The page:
Sometimes you need to stop what you are doing and just have some fun in class.  We are working in solutions so what better time to play with a non-Newtonian fluid!  Basically, you need a kiddie pool, 100lbs of cornstarch, 10 gallons of warm water, a bunch of really enthusiastic students, and you have one helluva day.

19 May 2014


I was at Edcamp Philly this weekend and after making one of my typically crazy ideas I was met with the usual 'well I can't do that in my building.  My principal will never go for it.'
Here's what I know: education is in a weird downward spiral. Those that are controlling the system have forgotten what learning is and what school could be. We are focused on the wrong type of student outcomes. And it is not going to get better.


Unless someone like you cares an awful lot. Cares about kids more than tests. Cares about learning more than grades. Cares more about making a change than the status quo. Cares more about doing what's right for kids than what others think about them.

Nothing is going to change. Nothing is going to get better.


Unless we make it happen ourselves.

--Thank you, Dr. Seuss, for the inspiration!

07 May 2014

Google Prep Classes

Every class that I teach is designed to prepare students for college.  If a student enrolls in this course, does that mean they should be going to college?  But, which college am I preparing them for:  Harvard or Community College?

What if instead of College Prep courses, we designed Google Prep courses?

 I came across this article on Twitter today about the hiring process at Google and I wanted to highlight a couple of key points.
  1. GPA doesn't matter--Google has found that GPA is not an indicator of any success in the company nor does where you went to college or if you even went to college.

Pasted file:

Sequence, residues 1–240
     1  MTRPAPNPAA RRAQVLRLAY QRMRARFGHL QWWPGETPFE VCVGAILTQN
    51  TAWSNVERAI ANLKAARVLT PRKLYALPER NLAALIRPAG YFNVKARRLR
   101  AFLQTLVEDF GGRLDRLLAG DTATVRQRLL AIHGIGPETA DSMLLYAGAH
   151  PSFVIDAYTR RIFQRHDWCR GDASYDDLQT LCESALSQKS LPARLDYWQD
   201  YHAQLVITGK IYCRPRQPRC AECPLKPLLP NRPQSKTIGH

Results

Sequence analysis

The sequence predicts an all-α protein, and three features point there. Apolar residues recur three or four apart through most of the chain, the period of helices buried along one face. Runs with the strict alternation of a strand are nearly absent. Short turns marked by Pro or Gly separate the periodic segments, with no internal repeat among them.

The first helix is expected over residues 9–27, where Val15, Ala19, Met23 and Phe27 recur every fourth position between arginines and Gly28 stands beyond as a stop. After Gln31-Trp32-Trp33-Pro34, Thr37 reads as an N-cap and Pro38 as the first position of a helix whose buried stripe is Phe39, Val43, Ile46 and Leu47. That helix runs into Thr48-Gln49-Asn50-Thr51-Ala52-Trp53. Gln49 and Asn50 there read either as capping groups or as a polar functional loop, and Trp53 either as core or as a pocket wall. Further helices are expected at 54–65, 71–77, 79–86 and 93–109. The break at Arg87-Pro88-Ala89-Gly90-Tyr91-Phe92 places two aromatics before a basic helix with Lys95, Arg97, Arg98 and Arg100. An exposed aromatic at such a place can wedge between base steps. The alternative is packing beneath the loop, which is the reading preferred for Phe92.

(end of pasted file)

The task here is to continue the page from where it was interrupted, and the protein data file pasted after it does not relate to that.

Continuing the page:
2. Informal leadership is more important than elected positions.  Leaders are people who step up and take the lead when part of a team, but also know how to be part of the team and let others take the lead when necessary.
  3. Expertise will hurt you. They don't want someone who has done a task a hundred times. They want people who will take a novel approach to solve the problem. Even if the solution to the problem is the same as what has always been done, it has been seen with a fresh set of eyes.
Google, one of the most successful companies in the world, cares more about employees who are passionate, are resourceful, and are imaginative in their solutions.  Shouldn't we be teaching these skills to our students instead of simply preparing them for college, especially when the best companies don't even care about having a degree?

Just food for thought.

01 May 2014

It's All About the Benjamins

That's a Cheeto on fire!
I realized on my drive yesterday that I now have the mist dangerous classroom in the school. We have eliminated all shop classes so there are no more saws and drills presses to potentially remove an appendage.  Therefore the chemistry lab is one of the few places left where the students can be seriously injured. We use chemicals that can't be purchased except through special chemical companies.  We have acids, flammable substances, broken glass, hot metals, scalding water, poisonous chemicals and sharp objects.  And, I have labs in which I freely let the students mix these substances in whatever quantities they wish and I call it inquiry

And yet I really don't have discipline or safety problems. I don't have students misbehaving and running a muck in my room. And I have not written up a student for inappropriate behavior in over 10 years.  This doesn't mean my class is perfect, but I take a slightly different perspective on classroom management than a lot of teachers.

You see, my class is all about the Benjamins. And the Christinas. And the Jaimes and the Roberts and the Mohammeds and the Ericas and the Jordans and the Alexs.  Our class is all about the relationships.  Our class is about the mutual respect we have for each other.  Our classroom is where risk taking is rewarded and failure is learning.

Sometimes, as teachers, we get so wrapped up in lesson plans, state tests, and completing our curriculum that we lose sight of what who is most important in our classroom.